Bringing in the Lenovo Yoga Book 9’s physical keyboard improves the typing experience immeasurably. This thing is pretty good, and we typed a few thousand words of articles on it, no issue. We love how it kinds slots into place on the lower screen thanks to the integrated magnets, and that you can move it around whenever you fancy as it’s wireless.
It’s a shame there’s no touchpad, though. For serious work we’re always going to recommend plugging in a mouse, thanks to the flawed feel of the on-screen virtual pad. The keyboard also lacks a backlight, which seems strange when it already has an integrated battery to power its wireless communication.
Lenovo may have found the battery ran down too quickly with LED lighting, but key backlighting feels like something we should be able to take for granted at this price.
Lenovo Yoga Book 9i review: Performance
One of the harshest jibes you could level at the Lenovo Yoga Book 9i is that it’s a gimmick, a toy. However, a closer look at its core specs clearly shows it is not one.
This laptop has an Intel Core i7-1355U, 16GB RAM and a 1TB SSD. It’s the least we’d expect for the money, but this is no trumped up tablet and does not use a phone-like processor.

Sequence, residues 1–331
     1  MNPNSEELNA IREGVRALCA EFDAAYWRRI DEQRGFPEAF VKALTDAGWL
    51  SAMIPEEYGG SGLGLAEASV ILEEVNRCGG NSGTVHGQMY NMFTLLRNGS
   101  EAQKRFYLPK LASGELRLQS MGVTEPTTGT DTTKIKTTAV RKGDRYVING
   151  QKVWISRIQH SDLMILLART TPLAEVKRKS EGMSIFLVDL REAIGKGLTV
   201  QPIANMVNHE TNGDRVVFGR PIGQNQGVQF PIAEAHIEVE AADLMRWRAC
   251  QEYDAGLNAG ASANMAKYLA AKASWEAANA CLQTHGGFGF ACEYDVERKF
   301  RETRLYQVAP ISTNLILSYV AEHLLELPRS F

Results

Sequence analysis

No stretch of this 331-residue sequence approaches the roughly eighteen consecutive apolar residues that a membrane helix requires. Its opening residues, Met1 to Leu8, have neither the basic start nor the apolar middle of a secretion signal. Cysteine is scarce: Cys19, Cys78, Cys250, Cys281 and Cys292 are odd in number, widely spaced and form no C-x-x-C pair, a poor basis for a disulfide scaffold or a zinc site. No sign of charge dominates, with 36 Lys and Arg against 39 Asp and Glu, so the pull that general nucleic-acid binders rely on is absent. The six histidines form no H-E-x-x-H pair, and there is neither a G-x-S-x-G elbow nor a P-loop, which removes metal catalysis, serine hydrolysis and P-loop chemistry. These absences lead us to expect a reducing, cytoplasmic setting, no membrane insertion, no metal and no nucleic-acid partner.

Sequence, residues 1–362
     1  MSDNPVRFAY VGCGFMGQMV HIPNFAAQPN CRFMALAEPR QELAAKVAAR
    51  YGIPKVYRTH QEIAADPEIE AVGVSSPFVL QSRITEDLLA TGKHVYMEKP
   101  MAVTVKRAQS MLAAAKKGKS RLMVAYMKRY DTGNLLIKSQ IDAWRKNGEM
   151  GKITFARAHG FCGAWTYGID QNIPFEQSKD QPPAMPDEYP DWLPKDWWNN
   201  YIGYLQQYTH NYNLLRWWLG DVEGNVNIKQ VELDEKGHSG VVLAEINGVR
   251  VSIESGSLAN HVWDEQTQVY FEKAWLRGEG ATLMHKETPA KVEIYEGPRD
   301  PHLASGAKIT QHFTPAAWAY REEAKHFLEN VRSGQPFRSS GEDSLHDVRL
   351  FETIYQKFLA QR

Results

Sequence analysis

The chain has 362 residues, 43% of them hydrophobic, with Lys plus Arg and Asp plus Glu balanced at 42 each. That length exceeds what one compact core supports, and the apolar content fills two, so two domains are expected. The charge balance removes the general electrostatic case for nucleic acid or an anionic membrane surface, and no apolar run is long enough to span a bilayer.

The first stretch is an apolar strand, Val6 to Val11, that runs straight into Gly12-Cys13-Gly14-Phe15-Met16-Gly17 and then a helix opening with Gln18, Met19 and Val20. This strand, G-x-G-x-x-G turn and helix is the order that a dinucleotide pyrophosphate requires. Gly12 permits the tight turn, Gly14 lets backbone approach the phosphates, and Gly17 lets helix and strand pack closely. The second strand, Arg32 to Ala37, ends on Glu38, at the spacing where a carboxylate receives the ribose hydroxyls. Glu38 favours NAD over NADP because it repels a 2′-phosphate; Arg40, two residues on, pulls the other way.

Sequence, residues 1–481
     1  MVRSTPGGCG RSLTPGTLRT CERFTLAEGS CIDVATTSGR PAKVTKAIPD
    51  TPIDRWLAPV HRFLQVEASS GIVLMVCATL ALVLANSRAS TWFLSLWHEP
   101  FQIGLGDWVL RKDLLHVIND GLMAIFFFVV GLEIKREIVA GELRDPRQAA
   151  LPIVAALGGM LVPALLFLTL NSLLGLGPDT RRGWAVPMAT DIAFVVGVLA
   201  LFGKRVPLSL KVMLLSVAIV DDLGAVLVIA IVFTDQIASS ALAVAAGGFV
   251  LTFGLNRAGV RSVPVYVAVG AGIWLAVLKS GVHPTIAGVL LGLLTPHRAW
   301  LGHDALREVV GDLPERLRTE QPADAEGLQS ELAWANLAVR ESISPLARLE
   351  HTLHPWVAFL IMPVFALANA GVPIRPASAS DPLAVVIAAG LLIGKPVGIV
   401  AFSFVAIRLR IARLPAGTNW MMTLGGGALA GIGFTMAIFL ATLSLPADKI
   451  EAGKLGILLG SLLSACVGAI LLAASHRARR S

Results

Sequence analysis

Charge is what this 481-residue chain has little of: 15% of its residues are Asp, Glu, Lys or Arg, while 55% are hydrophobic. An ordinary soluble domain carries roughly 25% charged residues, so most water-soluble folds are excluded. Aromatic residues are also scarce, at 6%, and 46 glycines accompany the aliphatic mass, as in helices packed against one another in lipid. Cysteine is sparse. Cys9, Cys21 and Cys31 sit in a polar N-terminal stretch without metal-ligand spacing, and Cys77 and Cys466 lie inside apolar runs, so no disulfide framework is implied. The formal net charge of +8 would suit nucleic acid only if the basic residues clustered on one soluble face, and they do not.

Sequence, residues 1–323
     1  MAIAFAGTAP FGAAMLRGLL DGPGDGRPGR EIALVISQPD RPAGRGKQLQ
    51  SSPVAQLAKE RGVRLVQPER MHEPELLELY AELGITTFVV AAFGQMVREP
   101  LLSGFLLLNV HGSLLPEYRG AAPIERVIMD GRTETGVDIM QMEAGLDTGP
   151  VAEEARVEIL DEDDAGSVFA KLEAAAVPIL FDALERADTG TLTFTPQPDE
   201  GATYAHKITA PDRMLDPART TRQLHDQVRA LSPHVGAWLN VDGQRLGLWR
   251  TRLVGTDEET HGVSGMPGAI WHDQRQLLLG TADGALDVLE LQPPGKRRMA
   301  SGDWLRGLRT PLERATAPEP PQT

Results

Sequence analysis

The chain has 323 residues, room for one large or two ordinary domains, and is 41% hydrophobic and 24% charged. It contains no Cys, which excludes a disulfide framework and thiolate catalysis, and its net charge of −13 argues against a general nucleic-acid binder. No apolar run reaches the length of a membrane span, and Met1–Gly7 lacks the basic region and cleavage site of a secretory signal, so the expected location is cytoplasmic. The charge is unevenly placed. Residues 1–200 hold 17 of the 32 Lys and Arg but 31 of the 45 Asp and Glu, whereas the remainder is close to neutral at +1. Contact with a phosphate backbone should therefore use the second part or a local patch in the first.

You can have a crack at just about anything on this PC, and the dual-screen design is going to be fantastic for applications that rely on a good amount of screen real-estate. Music production software pops right into our minds here, but that space will come in handy for all kinds of pro-grade suites, for video, images, music and, sure, spreadsheets.
Let’s not get carried away, though. The “U” series processor the Lenovo Yoga Book 9i uses is a low-voltage chipset, designed to not generate too much heat or drink up the battery too quickly.
It will be substantially slower when, say, encoding video than a recent MacBook Pro or the “ordinary” alternative to the Yoga Book, the Lenovo Yoga 9 Pro. Saying that, Windows 11 still sings on this thing.
The laptop doesn’t make too much noise either, which is a pleasant surprise. Yes, the Lenovo Yoga Book 9i has a fan. It’s not like a passively cooled MacBook Air. But the Yoga Book 9i does seem to have had a bit more effort put into lowering operating noise than the average slim-and-lightweight laptop.
This should basically go without saying, but the Yoga Book isn’t one of the best gaming laptops. It has Intel’s respectable Intel Xe graphics, meaning you can play recent titles, even Cyberpunk 2077, if you push the settings and resolution way (way) down... and aren’t too picky about performance either. Still, when you’re spending this much you can get laptops that will play games dramatically better than this one.
Lenovo Yoga Book 9i review: Battery life & features
One of the big questions: does the decision to use lower power internals pay off in battery life? It kinda does.